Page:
Local Ingredients fuel Milo All Day
Milo All Day provides unique farm-to-table experience that dishes out great food and connection in every season.
Story by Erianne Lewis
Photos by Logan Skains & Mallory Harris
What used to be a automotive repair shop, Milo All Day now serves customers for brunch, lunch and dinner throughout the week.
When you walk into Milo All Day, you are sure to get a unique dining experience, where everything is specifically designed down to the music playing at that time of day. This, among other things such as location and ingredients, were very important to head chef and owner Corey McEntyre when opening the full-service restaurant.
“Food is really important to a restaurant, but so is vibe and atmosphere,” McEntyre said. “The sense you get from the staff like, ‘Hey we want you to be here, we are happy you are here, we want you to come back. How well did we take care of you?’ At the end of the day, the food could be amazing … but if you feel like a bother to the waiter, that’s the worst.”
McEntyre, who developed his love of cooking in Georgia when he was young, said he found connection with the people he loved through this simple act. Since he grew up around his grandparents’ gardens, which were often full of vegetables, he saw firsthand how local ingredients can play a role both inside and outside the kitchen.
As a precursor to the meal, Milo offers an appetizer of deviled eggs topped with a hot sauce vinaigrette and small pieces of bacon.
As an adult, he’s taken this childhood experience and created a foundation of fresh ingredients in all his dishes.
“I think having those products and that food, when it was [at its] best, is so important,” McEntyre said. “Not only because it tastes better, but also for the local economy mostly. You keep dollars in people’s pockets that are here and around you. You help cultivate your own local economy by buying those types of products.”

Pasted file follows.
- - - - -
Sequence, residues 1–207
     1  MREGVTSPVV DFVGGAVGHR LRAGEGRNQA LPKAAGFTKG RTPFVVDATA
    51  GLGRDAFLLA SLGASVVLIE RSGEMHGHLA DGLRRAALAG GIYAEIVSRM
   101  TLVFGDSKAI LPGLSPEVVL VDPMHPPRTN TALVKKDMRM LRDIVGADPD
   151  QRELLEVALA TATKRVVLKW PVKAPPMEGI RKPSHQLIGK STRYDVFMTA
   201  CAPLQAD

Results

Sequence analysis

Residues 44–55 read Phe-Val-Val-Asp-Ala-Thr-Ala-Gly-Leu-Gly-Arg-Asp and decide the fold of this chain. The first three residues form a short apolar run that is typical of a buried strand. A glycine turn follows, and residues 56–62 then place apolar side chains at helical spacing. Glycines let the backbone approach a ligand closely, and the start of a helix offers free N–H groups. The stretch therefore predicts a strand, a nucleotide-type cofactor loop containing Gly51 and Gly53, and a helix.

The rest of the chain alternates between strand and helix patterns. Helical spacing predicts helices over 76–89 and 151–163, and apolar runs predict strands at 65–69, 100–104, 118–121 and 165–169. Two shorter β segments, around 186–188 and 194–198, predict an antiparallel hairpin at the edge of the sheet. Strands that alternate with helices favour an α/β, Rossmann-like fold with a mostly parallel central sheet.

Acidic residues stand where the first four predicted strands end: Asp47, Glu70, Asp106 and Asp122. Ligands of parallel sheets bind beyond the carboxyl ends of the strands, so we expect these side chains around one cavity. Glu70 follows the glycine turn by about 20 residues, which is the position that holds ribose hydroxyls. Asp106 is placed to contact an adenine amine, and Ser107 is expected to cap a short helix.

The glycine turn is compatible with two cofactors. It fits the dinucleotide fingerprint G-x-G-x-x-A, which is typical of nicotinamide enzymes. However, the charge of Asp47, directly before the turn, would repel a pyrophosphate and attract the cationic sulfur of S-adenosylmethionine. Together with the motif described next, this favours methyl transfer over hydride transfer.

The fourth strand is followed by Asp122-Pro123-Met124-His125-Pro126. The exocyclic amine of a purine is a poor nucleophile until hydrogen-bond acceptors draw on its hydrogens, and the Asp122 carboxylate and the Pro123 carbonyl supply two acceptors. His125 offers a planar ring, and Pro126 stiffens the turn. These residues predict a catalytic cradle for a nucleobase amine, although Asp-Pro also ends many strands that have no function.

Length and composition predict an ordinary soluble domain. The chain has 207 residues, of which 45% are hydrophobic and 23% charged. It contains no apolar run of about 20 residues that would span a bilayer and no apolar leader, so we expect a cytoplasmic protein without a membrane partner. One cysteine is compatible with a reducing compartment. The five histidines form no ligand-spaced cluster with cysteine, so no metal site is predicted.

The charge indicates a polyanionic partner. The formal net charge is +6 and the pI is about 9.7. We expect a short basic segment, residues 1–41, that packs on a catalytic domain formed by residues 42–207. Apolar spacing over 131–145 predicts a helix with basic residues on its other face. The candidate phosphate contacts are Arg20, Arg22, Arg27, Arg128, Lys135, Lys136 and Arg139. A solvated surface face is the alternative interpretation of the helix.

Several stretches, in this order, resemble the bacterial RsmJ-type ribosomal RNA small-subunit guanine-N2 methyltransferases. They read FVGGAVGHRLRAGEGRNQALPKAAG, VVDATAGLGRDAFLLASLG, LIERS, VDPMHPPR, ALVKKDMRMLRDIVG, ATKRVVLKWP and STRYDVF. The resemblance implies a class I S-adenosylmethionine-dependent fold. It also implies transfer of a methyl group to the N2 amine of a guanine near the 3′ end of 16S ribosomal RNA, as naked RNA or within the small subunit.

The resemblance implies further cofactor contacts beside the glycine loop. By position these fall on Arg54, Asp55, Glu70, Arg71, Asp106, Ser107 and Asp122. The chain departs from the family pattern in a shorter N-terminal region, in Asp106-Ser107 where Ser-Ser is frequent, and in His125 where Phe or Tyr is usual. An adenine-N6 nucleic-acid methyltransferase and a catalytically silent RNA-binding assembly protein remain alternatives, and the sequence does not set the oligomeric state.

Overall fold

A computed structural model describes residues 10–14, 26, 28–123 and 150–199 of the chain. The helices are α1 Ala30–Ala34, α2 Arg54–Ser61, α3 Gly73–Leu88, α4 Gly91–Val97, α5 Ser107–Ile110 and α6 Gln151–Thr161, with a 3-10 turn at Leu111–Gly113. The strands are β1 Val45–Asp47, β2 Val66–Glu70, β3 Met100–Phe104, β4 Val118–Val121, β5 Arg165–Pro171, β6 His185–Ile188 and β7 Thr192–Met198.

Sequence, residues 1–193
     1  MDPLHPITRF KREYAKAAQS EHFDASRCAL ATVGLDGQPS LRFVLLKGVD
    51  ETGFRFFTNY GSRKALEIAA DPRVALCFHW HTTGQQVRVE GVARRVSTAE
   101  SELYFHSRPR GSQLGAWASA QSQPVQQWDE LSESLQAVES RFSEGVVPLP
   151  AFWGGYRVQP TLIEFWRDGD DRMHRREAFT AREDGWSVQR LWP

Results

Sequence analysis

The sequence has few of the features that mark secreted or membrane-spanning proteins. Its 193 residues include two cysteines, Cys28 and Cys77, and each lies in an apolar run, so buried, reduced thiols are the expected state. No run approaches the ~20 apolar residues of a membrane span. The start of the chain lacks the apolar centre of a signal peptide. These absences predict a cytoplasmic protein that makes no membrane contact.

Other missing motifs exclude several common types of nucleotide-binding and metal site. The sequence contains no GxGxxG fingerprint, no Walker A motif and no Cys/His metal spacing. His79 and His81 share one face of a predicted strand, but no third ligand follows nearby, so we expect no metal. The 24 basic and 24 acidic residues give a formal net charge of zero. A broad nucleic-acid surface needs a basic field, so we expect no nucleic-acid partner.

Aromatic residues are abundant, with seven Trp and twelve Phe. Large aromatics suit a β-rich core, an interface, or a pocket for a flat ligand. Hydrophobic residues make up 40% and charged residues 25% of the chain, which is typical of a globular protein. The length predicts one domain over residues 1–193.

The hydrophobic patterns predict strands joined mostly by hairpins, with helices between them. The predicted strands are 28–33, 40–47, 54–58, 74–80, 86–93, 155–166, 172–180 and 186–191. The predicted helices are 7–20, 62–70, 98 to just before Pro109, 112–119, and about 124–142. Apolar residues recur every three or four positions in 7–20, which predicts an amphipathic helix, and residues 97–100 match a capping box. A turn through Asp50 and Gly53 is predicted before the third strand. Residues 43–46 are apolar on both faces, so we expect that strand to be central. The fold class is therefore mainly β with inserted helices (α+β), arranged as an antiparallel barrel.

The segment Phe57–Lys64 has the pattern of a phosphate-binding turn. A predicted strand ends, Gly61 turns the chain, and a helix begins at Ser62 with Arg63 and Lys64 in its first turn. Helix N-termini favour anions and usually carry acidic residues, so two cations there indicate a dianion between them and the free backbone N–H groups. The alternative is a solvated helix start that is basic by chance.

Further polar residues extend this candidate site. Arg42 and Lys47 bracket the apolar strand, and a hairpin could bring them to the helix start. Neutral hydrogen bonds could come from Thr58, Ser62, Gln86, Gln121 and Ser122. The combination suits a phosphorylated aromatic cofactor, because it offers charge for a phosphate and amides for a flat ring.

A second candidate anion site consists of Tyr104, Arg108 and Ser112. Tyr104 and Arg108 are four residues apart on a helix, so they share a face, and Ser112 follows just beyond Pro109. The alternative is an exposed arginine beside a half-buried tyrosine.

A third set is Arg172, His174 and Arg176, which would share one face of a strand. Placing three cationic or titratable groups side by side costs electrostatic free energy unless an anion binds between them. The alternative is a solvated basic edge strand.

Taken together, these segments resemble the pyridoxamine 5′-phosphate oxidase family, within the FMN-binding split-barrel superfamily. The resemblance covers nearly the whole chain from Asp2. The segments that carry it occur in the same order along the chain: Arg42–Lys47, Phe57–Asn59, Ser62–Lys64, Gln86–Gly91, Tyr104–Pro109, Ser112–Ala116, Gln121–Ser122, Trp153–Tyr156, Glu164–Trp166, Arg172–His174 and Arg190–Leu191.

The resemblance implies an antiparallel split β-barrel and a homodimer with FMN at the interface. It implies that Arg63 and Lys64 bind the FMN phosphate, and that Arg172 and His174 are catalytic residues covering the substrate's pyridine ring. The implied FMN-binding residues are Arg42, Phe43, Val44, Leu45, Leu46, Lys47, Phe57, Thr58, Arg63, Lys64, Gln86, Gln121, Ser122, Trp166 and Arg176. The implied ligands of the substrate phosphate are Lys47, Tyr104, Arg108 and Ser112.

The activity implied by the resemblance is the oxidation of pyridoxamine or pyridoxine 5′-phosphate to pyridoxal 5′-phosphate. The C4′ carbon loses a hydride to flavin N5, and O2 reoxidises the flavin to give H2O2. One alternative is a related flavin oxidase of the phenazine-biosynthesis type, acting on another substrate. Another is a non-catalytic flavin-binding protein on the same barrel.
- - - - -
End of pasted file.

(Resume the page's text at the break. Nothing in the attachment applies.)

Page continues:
Putting words into action, McEntyre sources some of his products locally from farmers such as Glynn and Janice Lawhon with Lawhon Spring Farms in Waco.
While Lawhon Spring Farms isn!&t massive, the ingredients they produce stand out in different ways through Milo meals. As the seasons change and new crops get put in, there’s constant change happening at the farm.
With four acres of land currently ready to be cultivated, Glynn Lawhon’s family has been farming for almost four generations. Today Lawhon Spring Farms sends ingredients such as onions, squashes, potatoes, tomatoes, beets, cucumbers, carrots and green beans to Milo All Day. Glynn Lawhon said Milo takes everything they raise and tries to utilize it where they can. But because the dry weather conditions this year greatly affected the growing of the crops this season, they have fewer items than usual, according to the Lawhons. However, they are already preparing for next season’s crops.
“We prefer to have it all planted [a month or so] before May, because if the weather is just right and we get the crop in, then we’re picking in April. We like to get started early,” Janice Lawhon said.
The same plot of land that’s been in Glynn Lawhon!&s family for almost four generations still grows ingredients that Milo All Day uses in it!&s menu.